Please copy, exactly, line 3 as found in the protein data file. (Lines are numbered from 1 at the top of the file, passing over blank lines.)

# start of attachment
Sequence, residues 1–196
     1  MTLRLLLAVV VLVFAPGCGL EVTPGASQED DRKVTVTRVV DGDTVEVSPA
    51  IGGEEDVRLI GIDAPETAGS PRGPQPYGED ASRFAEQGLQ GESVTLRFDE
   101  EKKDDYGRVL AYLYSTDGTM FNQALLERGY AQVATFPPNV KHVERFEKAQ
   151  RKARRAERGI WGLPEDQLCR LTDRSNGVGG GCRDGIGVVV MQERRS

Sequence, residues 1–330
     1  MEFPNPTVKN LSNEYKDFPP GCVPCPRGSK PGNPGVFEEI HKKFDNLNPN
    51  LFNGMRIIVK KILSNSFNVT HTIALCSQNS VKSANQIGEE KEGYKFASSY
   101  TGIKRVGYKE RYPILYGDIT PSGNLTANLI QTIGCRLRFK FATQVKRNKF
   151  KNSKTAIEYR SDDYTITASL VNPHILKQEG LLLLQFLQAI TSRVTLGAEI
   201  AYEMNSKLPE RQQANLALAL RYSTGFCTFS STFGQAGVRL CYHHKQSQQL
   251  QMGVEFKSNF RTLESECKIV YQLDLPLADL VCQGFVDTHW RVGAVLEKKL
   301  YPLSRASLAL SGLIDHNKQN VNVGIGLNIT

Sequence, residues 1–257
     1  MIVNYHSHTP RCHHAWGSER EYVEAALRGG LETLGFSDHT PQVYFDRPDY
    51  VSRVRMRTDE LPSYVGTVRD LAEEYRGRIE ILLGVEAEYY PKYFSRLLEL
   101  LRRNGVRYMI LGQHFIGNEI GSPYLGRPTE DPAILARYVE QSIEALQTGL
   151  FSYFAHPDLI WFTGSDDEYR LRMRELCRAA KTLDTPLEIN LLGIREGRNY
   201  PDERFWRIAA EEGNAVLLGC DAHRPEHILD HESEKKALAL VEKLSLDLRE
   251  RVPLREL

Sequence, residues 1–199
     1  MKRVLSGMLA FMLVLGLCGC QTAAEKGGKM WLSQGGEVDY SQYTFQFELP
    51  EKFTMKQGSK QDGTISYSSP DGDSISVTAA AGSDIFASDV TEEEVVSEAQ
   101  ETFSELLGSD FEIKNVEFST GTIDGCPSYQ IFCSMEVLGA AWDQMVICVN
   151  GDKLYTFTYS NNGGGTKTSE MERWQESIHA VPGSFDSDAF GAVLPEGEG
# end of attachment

    51  IGGEEDVRLI GIDAPETAGS PRGPQPYGED ASRFAEQGLQ GESVTLRFDE